During a 2002 interview with Charlie Rose, when asked whether he is going to take some time off, Adam Sandler promptly replies, “I don’t really wanna have to think too much about myself, I need to jump into the work… I keep hiding, I don’t wanna get to know me”; a telling response that is entirely in keeping with the self-depravity of ‘Barry Egan’, his character in Paul Thomas Anderson’s Punch Drunk Love, a role which Roger Ebert thought “see’s through the Sandler persona”. Whilst many will dismiss a film in which Sandler stars in as trivial or non-serious (and be justified in doing so), you will struggle to find a more convincing on-screen portrayal, in a film that gets overlooked as perhaps PTA’s most impressive.
A recurring mainstay of Anderson’s body of work is that he has both written and directed all of his films, and it has never appeared more crucial than in Punch Drunk Love. The weird and often psychotic episodes, on which the film centres around, would perhaps appear completely incoherent were it not for the symmetry that exists between the screenplay and visual direction. Together in concert, they induce a paranoia that at times reaches frenetic levels as the viewer is engulfed in Barry’s point of view. From the loneliness of calling a phone-sex line, to the pounding anxiety of speaking to his love interest, Anderson utilises every tool in his filmic arsenal to meaningfully convey Barry’s experiences. At times it feels as if the mise-en-scene literally forms around Barry, such is the extent to which Anderson embraces his central character. The aforementioned phone-call is shot in three long takes, and is one of few moments that is not underscored with music, for here is a moment where the dialogue alone suffices in revealing Barry’s loneliness. Whilst loneliness in this instance is felt through the minimalism of the frame, extreme anxiety when Lena (Emily Watson) comes to the office is imparted in quite different terms. A cacophony of sound mars Barry’s (and indeed the viewer’s) ability to stay calm, whilst in the background of the shot a crashing forklift visually represents his inner turmoil. It is here, in Anderson’s highly expressionistic approach to the subtleties of Barry’s experiences that make Punch Drunk Love so effective. Rather than allow Barry’s peculiarity to estrange, Anderson makes him an utterly empathetic character, finding the points of connection rather than alienation.
Much has been written about the use of colour in Punch Drunk Love, and for obvious reason; blue, red, and white feature heavily and are often synthesised, creating a colour scape that functions far beyond surface-level symbolism. The suggestion that Anderson uses colour to visually represent the running themes of love and loneliness is entirely valid, however it perhaps ignores the more pertinent effect of its use. That is, through his overt expressionism, Anderson is making clear that these are images entrenched within a subjectivity, and as such its main purpose becomes imparting a sense of Barry’s psychosis rather than any sort of objective narration. The apparent symbolism doesn’t constitute a further strand of meaning, but comes as a direct result of Anderson’s commitment to Barry as a character, and the imparting of a very particular mental state. The sensitivity to character and situation that’s on display in Punch Drunk Love is a familiar feature in all of Anderson’s films, and is perhaps the defining trait of his style. Whilst you could say that many A-list directors have a style that precedes the content of their individual films (the visual quirk of Wes Anderson, or Tarantino’s slickness for instance), it seems that PTA’s style is rather more fluid, and is one that aligns with the content of story. Punch Drunk Love, when compared with a film like Boogie Nights (1997), both formally and in subject matter, appear to be the products of very different filmmakers, but are joined by the intelligent treatment of the narrative’s demands. Whether it be loneliness on the level of the individual, or interconnectivity across a whole cityscape, as seen in Magnolia (1999), it is clear that Anderson caters visually to the demands of the material, rather than imposing his own sense of self.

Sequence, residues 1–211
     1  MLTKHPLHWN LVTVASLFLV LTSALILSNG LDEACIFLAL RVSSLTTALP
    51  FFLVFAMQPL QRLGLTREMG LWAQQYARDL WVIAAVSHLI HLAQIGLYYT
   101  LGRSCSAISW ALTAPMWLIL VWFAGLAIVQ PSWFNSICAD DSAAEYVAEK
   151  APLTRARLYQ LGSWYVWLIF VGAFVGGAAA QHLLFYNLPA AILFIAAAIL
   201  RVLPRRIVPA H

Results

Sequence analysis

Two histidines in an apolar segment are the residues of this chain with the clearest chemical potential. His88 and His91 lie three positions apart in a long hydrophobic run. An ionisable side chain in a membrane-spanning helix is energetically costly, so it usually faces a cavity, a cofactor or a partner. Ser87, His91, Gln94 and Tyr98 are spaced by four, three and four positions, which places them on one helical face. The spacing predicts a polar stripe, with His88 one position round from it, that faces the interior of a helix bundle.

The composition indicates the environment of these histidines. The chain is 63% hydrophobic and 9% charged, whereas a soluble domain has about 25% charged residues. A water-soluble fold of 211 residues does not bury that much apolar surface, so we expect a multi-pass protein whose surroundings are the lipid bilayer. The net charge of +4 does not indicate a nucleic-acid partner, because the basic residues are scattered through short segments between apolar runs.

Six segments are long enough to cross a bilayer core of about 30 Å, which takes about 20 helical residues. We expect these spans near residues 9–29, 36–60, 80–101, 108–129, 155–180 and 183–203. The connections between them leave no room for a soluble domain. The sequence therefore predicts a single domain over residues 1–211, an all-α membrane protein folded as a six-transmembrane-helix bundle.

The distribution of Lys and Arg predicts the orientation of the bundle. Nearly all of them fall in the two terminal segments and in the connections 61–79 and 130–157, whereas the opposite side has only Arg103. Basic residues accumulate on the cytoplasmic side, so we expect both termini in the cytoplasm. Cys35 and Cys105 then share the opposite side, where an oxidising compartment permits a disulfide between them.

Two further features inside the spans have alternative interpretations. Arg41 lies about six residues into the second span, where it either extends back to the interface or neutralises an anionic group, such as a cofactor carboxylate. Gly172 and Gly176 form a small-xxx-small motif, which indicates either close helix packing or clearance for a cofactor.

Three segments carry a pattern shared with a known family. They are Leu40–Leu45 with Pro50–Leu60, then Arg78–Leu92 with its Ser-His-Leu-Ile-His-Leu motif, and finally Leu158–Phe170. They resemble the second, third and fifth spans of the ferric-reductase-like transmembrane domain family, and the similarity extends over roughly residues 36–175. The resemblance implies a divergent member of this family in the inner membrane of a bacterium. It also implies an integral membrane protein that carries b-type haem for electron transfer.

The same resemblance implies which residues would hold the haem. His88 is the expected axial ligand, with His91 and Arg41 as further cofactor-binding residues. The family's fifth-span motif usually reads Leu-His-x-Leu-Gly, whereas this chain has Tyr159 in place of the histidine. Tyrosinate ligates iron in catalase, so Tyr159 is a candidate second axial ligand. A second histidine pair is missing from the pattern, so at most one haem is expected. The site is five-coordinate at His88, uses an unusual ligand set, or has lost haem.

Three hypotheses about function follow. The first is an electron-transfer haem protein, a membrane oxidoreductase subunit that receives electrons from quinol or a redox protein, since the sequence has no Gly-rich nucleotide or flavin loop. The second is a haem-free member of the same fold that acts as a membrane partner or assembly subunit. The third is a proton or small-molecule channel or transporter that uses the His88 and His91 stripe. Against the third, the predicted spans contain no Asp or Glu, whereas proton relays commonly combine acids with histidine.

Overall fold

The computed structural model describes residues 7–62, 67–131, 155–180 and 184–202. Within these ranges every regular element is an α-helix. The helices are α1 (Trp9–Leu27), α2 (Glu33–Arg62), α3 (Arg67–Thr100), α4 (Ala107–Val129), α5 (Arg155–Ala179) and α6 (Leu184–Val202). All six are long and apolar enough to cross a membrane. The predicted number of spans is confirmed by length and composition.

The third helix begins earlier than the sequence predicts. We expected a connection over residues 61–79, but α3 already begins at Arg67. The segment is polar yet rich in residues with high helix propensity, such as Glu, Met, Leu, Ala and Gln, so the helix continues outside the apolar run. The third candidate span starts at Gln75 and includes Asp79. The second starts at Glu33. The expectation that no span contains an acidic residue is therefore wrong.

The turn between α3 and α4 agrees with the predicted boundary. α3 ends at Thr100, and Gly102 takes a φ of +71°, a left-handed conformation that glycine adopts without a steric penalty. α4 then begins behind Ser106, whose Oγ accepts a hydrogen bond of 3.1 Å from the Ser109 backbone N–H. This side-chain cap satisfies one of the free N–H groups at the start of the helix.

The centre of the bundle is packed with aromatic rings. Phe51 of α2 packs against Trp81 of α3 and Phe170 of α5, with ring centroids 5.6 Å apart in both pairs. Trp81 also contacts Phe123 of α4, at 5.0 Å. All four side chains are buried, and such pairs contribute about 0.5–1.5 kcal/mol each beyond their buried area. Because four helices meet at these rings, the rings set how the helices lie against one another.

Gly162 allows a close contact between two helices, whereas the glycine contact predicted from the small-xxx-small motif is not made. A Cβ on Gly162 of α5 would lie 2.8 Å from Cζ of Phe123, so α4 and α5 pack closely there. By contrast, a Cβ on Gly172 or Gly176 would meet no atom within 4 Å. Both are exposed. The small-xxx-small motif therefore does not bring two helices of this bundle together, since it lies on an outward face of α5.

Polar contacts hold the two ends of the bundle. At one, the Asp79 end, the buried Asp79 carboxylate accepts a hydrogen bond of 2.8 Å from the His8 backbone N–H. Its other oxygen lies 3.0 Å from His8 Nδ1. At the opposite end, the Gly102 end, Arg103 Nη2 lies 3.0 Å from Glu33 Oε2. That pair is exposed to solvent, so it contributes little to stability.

If you haven’t seen much of Anderson’s work then Punch Drunk Love is a great place to start, it’s comic and tragic in equal measure. As for Sandler, well, it doesn’t get much better, which is a shame, but is all the more reason for this film to be treasured.
Image credit: Jürgen Fauth via Wikimedia Commons